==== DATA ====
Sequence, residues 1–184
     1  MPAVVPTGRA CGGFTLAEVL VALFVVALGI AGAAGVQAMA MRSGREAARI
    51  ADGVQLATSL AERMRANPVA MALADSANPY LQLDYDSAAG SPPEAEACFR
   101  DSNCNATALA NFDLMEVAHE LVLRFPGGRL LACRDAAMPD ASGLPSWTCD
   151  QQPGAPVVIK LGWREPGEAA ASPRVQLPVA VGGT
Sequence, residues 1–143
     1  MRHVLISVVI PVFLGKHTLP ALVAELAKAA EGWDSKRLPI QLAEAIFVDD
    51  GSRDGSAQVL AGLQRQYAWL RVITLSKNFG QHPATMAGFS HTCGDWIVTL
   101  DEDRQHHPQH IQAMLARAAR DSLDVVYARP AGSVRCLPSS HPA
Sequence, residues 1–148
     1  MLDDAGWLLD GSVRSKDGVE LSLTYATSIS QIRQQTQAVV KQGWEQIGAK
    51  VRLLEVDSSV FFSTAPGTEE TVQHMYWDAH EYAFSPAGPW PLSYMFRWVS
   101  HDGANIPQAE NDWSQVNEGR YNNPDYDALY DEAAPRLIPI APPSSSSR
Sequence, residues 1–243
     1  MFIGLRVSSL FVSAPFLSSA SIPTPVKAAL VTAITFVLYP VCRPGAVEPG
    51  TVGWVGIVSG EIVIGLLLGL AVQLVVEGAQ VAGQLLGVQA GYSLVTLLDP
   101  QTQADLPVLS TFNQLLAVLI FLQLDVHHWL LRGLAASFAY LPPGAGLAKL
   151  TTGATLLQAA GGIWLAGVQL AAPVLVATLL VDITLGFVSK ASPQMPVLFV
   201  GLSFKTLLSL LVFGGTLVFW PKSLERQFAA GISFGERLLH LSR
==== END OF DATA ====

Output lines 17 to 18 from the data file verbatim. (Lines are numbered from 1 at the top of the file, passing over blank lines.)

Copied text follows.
   101  QTQADLPVLS TFNQLLAVLI FLQLDVHHWL LRGLAASFAY LPPGAGLAKL
   151  TTGATLLQAA GGIWLAGVQL AAPVLVATLL VDITLGFVSK ASPQMPVLFV